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From: David Abrahams (dave_at_[hidden])
Date: 2007-06-23 18:14:00

on Fri Jun 15 2007, Eric Niebler <> wrote:

> David Abrahams wrote:
>> on Thu Jun 14 2007, Eric Niebler <> wrote:
>>> Does that really change anything? Imagine replacing the reference
>>> with a const pointer, and the potential for an ODR violation becomes
>>> more obvious:
>>> template<typename T> struct static_const
>>> {
>>> static T const value;
>>> };
>>> template<typename T>
>>> T const static_const<T>::value = {};
>>> struct placeholder {};
>>> namespace
>>> {
>>> placeholder const *const _1 = &static_const<placeholder>::value;
>>> }
>>> template<class T> void foo(T const &)
>>> {
>>> // use *_1 here. Even though *_1 refers to the same
>>> // object, we're indirecting through a different pointer
>>> // in different TUs. ODR violation?
>>> }
>>> Since you're indirecting through a different pointer, the code
>>> generated for foo() would be different in different translation
>>> units. Isn't that a violation of the ODR?
>> The difference is that the references themselves do not have an
>> address.
> Well, I don't think this is strictly true. You can't /take/ its address,
> but that doesn't mean that a reference doesn't have one. It may very
> well occupy space, and therefore have an address. As Mike Miller said in
> response to your question:
> > The conceptual model of references is that they behave just like
> > objects with respect to linkage and order of initialization. This
> > allows (but does not require) them to be implemented as const
> > pointers with implicit indirection.
> So as far as the standard is concerned (and as far as I understand it),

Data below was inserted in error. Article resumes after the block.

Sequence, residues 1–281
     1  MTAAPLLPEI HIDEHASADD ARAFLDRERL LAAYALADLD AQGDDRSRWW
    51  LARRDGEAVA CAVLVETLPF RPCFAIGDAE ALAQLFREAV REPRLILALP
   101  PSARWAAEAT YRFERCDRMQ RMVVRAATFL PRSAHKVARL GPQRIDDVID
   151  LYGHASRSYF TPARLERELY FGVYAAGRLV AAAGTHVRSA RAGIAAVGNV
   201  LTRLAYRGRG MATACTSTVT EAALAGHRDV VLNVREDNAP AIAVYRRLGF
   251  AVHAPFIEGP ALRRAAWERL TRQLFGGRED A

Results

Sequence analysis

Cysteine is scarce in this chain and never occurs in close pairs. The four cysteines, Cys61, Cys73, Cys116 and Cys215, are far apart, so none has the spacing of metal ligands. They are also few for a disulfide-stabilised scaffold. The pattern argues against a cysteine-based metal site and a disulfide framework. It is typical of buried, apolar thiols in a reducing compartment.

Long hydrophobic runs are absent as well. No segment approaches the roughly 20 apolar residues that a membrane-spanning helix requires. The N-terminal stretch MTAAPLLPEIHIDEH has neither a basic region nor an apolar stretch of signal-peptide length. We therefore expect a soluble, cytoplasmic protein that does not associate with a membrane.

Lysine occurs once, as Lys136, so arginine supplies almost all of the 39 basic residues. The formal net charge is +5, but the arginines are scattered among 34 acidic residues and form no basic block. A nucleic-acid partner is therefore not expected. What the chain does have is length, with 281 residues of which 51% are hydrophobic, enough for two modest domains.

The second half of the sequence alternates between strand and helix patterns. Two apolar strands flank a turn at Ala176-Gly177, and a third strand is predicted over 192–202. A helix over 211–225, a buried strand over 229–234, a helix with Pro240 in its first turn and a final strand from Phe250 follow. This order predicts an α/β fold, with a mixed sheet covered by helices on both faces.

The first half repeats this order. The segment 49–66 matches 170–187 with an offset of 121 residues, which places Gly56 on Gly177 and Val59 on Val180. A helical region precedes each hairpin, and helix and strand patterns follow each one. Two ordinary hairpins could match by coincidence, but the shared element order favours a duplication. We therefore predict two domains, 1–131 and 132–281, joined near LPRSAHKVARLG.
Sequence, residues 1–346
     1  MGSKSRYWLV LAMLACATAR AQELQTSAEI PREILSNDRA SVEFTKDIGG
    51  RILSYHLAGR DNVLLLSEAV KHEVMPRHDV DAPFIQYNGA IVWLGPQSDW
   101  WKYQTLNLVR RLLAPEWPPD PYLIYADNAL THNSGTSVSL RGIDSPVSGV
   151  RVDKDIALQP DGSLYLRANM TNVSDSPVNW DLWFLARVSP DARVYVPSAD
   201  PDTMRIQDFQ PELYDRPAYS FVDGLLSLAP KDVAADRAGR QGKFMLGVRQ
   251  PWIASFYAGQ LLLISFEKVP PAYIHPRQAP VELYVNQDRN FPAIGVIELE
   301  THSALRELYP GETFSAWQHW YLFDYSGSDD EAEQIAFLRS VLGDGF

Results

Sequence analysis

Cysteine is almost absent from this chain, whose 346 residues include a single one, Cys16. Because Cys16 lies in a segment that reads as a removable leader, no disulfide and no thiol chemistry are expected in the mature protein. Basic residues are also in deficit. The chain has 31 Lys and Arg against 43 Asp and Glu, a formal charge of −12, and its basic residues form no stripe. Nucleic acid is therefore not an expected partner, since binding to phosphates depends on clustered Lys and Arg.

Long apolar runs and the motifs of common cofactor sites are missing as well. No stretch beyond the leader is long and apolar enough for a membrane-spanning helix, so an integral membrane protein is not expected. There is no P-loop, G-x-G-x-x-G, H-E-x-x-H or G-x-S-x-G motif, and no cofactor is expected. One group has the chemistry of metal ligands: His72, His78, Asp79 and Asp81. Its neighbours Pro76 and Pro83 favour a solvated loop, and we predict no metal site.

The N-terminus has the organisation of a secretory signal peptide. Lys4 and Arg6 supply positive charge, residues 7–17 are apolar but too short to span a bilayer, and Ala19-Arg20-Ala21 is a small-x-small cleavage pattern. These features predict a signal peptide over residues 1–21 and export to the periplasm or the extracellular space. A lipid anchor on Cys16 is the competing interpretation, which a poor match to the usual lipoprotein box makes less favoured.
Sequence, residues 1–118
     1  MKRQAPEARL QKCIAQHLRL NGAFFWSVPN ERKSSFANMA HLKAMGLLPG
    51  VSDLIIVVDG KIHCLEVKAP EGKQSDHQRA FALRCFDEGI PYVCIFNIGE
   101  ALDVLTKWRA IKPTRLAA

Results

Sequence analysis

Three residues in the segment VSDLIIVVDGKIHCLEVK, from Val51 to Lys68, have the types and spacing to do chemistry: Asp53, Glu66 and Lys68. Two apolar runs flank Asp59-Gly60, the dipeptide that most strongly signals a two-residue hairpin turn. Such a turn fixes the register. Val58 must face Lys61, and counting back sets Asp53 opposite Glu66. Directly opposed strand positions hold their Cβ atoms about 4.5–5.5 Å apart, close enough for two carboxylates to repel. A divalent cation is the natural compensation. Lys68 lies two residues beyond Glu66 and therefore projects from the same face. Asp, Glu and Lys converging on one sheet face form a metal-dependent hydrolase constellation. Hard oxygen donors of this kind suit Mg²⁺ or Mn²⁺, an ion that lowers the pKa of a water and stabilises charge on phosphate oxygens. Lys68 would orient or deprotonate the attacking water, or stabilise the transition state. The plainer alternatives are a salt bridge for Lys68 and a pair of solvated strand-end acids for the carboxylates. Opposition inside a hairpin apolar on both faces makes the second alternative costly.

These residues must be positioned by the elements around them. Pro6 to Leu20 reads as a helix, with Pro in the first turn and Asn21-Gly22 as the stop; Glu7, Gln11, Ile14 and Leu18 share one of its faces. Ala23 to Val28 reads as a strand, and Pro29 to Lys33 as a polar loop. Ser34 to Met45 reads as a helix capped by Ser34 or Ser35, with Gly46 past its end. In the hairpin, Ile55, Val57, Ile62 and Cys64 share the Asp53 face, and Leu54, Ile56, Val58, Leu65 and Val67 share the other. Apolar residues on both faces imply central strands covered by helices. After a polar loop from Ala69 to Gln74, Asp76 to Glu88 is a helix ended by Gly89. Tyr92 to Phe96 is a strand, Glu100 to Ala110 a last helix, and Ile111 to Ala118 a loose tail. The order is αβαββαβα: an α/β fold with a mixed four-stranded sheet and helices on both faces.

> "reference == const pointer" is a good approximation.

Yes, from a conceptual/implementation POV. However, whether it's a
violation of standard rules or not has to rest on standard wording and
definitions, and AFAICT there's no support in the standard for the
view that a reference is an object.

>> The address is the only feature of those two const pointers
>> that makes them observably distinct. The core gods, of course, may
>> still disagree :-)
> I dug back into the standard, and I see in 3.2/5, referring to an inline
> function D with external linkage, which may appear in multiple
> translation units...
>> in each definition of D, corresponding names, looked up according
>> to 3.4, shall refer to an entity defined within the definition of
>> D, or shall refer to the same entity,
> Which made me wonder, if _1 is a reference, what is the "entity" it
> refers to? If a reference is really a pointer with implicit indirection,
> I could imagine that the "entity" is actually the pointer rather than
> the object pointed to,

How could you imagine that?

> which would be trouble. But no ... in 3/3, I see:
>> An entity is a value, object, subobject, base class subobject,
>> array element, variable, function, instance of a function,
>> enumerator, type, class member, template, or namespace.
> A reference is not an entity. Whew. So I think we're ok.

Yep, I think you are seeing things the same way as I am.

IMO if the core gods want to make this an ODR violation they're going
to have to change standard language to do so :).

Dave Abrahams
Boost Consulting
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